Sticks, Carrots, and Fascist Bastards

Much virtual ink has been spilled over last night’s Presidential Debate, which I found boring and stale; I will save my ones and zeroes to quote for my nonexistent readership some douchebag from the American Enterprise Institute (here dissing Obama’s stance on diplomacy):

“Unfortunately, the American people’s desire for peace is not shared by many dictators. In such a world, coercion matters as much as engagement. President Theodore Roosevelt sought to “speak softly and carry a big stick.” When candidates seek, a century later, to speak softly and carry a big carrot, it is not diplomacy; it is naivete.”

Let’s start at the beginning, with the American People’s famous desire for peace, from the (say) Mexican War to (say) Iraq. It’s not that I’m dissing the American People — a most excellent people by all accounts — but to deny them their healthy aggressive instinct, so finely demonstrated in the Enterprise gentleman’s tone and content, would be to do the American People a disservice. It is a well-known feature of the most intractable conflicts that each side believes that it itself desires only peace, while its enemy understands only force; this sort of belief is usually strongly encouraged (to put it mildly) by schools and other public institutions. Perhaps Herr Rubin (oh the irony!) is aware of this context, or maybe he is merely responding to his natural instinct; in either case with each such ridiculous, untrue, and, yes, dangerous statement he gives the forces of conflict a small but definite boost. Great Job!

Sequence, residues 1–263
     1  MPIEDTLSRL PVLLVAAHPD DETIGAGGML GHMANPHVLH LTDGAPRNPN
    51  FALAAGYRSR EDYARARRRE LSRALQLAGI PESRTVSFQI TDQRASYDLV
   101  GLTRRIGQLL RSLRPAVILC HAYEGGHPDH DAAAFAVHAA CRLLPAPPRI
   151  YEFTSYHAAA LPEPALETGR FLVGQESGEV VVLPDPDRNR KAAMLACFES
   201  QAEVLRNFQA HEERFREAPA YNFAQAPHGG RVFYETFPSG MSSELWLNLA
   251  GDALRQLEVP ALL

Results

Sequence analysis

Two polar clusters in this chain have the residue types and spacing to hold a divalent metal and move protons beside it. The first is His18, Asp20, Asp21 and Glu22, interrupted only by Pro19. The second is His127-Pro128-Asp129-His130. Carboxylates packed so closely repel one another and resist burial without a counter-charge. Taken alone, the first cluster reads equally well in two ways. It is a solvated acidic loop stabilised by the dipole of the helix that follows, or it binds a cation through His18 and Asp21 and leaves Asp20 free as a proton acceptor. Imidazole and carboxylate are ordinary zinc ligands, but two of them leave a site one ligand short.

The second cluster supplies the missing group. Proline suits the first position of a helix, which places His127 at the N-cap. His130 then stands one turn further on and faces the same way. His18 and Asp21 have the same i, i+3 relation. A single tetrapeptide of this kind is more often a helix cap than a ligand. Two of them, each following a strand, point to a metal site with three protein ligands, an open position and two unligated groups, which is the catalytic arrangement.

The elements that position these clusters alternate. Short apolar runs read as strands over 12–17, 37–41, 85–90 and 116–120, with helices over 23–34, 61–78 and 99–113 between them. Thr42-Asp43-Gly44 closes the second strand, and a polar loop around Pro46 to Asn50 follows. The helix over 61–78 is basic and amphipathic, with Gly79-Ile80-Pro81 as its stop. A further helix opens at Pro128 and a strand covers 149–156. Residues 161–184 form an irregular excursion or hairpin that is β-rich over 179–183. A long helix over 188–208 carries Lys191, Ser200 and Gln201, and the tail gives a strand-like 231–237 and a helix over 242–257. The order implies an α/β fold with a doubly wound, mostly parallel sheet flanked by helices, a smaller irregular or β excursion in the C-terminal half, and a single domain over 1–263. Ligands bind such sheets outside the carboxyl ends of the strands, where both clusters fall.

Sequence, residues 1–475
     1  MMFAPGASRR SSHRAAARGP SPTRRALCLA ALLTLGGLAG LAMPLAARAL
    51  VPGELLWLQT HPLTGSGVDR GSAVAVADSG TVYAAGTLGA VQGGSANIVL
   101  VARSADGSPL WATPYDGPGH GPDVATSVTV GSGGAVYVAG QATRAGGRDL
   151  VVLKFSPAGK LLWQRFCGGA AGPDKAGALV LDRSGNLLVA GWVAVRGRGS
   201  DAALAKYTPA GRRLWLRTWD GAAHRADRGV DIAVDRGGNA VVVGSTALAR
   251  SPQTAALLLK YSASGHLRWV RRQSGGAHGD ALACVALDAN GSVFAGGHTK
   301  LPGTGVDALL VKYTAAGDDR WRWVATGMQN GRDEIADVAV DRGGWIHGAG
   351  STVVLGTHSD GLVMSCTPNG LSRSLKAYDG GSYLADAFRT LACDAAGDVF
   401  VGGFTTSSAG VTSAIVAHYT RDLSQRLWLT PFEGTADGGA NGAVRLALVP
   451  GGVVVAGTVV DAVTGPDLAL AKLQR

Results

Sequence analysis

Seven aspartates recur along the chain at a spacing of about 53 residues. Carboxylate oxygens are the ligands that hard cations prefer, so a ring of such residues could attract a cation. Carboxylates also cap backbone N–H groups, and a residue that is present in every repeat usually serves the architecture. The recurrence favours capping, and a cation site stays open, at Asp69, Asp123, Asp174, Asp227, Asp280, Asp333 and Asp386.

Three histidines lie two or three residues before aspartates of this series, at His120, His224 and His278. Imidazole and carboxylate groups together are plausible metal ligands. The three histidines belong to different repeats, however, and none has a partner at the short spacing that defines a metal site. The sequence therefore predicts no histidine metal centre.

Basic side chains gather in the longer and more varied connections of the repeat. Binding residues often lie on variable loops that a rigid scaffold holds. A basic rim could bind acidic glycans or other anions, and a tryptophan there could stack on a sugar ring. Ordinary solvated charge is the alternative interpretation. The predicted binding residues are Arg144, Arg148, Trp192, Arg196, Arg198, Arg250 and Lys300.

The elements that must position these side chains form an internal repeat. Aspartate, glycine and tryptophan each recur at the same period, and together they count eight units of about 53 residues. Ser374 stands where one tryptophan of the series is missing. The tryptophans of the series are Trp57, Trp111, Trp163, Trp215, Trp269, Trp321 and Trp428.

And as for Theodore Roosevelt, Rubin forgets the first part of the aphorism: Speak softly. Don’t run around yelling and breaking things with your stick. People might stop fearing it, and you could even break it. What carrots have to do with it, I don’t know.

I’m sick and tired of many things: I’m sick of unimaginative chatter and political correctness; i’m tired of spineless populism, hedging, and playing it safe; but most of all I’m sick and tired, and afraid, of fascist incitement mixing metaphors to masquerade as something that makes sense.

Published in: on Saturday, September 27th, 2008 at 5:54 am  Leave a Comment  

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